The impact of deep convection representation in a global atmospheric model on the warm conveyor belt and jet stream during NAWDEX IOP6

Rivière, Gwendal ; Wimmer, Meryl ; Arbogast, Philippe ; Piriou, Jean-Marcel ; Delanoë, Julien ; Labadie, Carole ; Cazenave, Quitterie ; Pelon, Jacques

Année de publication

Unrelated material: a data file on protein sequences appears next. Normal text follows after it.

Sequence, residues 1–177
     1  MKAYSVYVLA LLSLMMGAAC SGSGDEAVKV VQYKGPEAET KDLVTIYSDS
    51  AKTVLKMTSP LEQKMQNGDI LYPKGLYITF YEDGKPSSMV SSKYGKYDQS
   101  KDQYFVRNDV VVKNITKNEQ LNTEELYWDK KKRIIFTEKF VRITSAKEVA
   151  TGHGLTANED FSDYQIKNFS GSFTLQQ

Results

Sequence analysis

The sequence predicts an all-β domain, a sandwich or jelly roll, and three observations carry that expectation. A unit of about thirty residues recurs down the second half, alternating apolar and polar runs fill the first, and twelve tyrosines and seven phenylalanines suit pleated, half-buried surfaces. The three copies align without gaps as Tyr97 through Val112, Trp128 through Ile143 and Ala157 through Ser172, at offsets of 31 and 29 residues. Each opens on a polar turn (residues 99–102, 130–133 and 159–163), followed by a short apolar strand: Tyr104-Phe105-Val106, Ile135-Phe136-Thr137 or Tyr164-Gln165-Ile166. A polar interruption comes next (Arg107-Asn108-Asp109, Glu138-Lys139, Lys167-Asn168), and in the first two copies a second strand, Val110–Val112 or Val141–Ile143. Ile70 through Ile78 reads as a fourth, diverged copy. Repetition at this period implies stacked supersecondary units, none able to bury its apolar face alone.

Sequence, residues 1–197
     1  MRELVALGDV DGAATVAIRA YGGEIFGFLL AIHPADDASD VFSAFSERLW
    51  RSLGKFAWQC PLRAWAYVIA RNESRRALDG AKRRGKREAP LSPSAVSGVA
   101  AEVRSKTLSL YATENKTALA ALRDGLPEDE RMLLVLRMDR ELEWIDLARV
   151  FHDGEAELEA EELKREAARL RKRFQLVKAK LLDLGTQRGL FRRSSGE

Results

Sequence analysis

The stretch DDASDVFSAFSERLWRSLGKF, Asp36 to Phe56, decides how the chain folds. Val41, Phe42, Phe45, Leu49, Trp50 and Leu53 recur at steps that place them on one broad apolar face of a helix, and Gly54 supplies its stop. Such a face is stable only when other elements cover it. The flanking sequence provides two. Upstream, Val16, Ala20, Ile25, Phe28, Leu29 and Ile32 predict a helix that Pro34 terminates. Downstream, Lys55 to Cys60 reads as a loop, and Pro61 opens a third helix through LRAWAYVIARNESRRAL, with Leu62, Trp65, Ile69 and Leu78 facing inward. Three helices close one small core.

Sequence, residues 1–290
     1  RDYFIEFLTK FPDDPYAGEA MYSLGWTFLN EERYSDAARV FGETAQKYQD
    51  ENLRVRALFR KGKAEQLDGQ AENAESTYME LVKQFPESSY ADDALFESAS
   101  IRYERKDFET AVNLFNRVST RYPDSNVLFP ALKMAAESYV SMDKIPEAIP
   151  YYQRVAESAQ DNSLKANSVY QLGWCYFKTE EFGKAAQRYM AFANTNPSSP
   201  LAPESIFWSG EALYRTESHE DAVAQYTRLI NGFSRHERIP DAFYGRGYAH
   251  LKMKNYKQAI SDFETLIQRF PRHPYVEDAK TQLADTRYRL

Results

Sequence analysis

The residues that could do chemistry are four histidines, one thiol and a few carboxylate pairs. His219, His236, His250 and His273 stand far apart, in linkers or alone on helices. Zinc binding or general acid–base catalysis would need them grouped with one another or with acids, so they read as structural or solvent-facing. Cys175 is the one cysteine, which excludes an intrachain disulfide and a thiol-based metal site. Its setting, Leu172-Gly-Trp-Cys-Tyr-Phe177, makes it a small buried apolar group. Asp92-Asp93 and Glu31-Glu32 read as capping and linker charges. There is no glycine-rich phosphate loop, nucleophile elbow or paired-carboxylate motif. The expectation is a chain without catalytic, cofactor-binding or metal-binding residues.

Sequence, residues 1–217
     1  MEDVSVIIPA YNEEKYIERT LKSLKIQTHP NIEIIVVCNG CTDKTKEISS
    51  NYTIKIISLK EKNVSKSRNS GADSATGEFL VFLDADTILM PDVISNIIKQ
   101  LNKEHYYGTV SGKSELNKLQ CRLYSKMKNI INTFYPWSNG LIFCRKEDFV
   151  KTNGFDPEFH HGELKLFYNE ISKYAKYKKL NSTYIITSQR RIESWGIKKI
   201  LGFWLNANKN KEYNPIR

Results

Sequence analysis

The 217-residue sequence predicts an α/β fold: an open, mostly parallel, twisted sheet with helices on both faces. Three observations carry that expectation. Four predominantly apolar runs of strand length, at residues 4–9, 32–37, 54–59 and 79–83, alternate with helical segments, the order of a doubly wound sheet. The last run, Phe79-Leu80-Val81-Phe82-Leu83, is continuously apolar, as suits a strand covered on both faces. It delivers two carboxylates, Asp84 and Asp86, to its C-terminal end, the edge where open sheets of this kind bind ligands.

<p align=justify>The effect of parameterized deep convection on warm conveyor belt (WCB) activity and the jet stream is investigated by performing simulations of an explosively developing large-scale cyclone that occurred during the North Atlantic Waveguide and Downstream Impact Experiment (NAWDEX) field campaign using the Météo-France global atmospheric model ARPEGE. Three simulations differing only from their deep convection representation are analysed. The first one was performed with the Bougeault (1985) scheme (B85), the second one with the Prognostic Condensates Microphysics and Transport (PCMT) scheme of Piriou et al. (2007), and the third one without any parameterized deep convection. In the latter simulation, the release of convective instability at the resolved scales of the model generates localized cells marked by strong heating with few degrees extent in longitude and latitude along the fronts. In runs with active parameterized deep convection (B85, PCMT), the heating rate is more homogeneously distributed along fronts as the instability release happens at subgrid scales. This difference leads to more rapid and abrupt ascents in the WCB without parameterized deep convection and more moderate but more sustained ascents with parameterized deep convection. While the number of WCB trajectories does not differ much between the three simulations, the averaged heating rates over the WCB trajectories exhibits distinct behaviour. After 1 d of simulations, the upper-level heating rate is on average larger, with the B85 scheme leading to stronger potential vorticity (PV) destruction. The difference comes from the resolved sensible and latent heating and not the parameterized one. A comparison with (re)analyses and a large variety of airborne observations from the NAWDEX field campaign (Doppler radar, Doppler lidar, dropsondes) made during the coordinated flights of two aircraft in the WCB outflow region shows that B85 performs better in the representation of the double jet structure at 1 d lead time than the other two simulations. That can be attributed to the more active WCB at upper levels. However, this effect is too strong and that simulation becomes less realistic than the other ones at forecast ranges beyond 1.5 d. The simulation with the PCMT scheme has an intermediate behaviour between the one with the B85 scheme and without parameterized deep convection, but its impact on the jet stream is closer to the latter one. Finally, additional numerical experiments show that main differences in the impact on the jet between PCMT and B85 largely come from the chosen closure, with the former being based on CAPE and the latter on moisture convergence.</p>
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